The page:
Victoria ★★★★½

With films like Victoria, it's easy to write them off a simple vehicle for a certain gimmick. The film is one shot for two hours, unbroken and smoothly executed. Some may notice the flaws and slips that occur occasionally within the two hour runtime, but personally, I feel the imperfection of it went hand in hand with the purpose of using only one shot.

Victoria relies on absolute immersion, into both the situations presented and the tension that follows. The performances considering the circumstances are remarkable, and the camera work even more so. It's a story about innocence, and how very easy it is to lose it. This is a story that has been done dozens of times before, but never in this way. This "gimmick" is in no way a crutch for a weak narrative, but rather an integral part of the story being told. This is an achievement in film making and an effective film even without the fact that it is one single shot. I was floored come the end of the film, by how much we have seen these characters evolve over two hours and how natural it really seemed. You may say the decisions made were nonsensical and rash, but how would you react if presented with the same situation?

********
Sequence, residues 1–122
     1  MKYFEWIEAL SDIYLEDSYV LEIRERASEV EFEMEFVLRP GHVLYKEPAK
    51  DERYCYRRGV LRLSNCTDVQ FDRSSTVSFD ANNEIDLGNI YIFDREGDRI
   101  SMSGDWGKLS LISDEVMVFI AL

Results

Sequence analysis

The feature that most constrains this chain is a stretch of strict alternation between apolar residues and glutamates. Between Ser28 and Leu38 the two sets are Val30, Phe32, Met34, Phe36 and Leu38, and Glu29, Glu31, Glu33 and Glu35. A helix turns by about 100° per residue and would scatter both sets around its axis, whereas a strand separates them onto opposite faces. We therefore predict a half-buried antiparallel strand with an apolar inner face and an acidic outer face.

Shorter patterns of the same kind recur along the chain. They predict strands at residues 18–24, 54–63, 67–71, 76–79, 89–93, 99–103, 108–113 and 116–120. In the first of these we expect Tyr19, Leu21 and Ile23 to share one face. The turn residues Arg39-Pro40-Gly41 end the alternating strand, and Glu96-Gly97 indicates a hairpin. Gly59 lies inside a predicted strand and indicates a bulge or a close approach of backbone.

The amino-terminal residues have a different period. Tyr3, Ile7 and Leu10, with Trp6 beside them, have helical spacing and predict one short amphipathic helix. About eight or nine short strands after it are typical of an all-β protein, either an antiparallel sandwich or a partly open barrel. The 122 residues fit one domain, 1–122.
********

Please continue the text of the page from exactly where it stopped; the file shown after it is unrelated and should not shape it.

I loved this film, mostly because I have never seen anything like it before. This review is pretty bad, an inevitability when writing on a phone, but it pains me to see this movie written off as a gimmick by a large portion of the film community. Give it a shot.

*on a side note, I watched it without subtitles. I'm not sure if it was supposed to have any, but avoid them if possible. It really allowed me to step into Victoria's shoes and experience the shit storm along with her.

Part of 2015 Films Ranked

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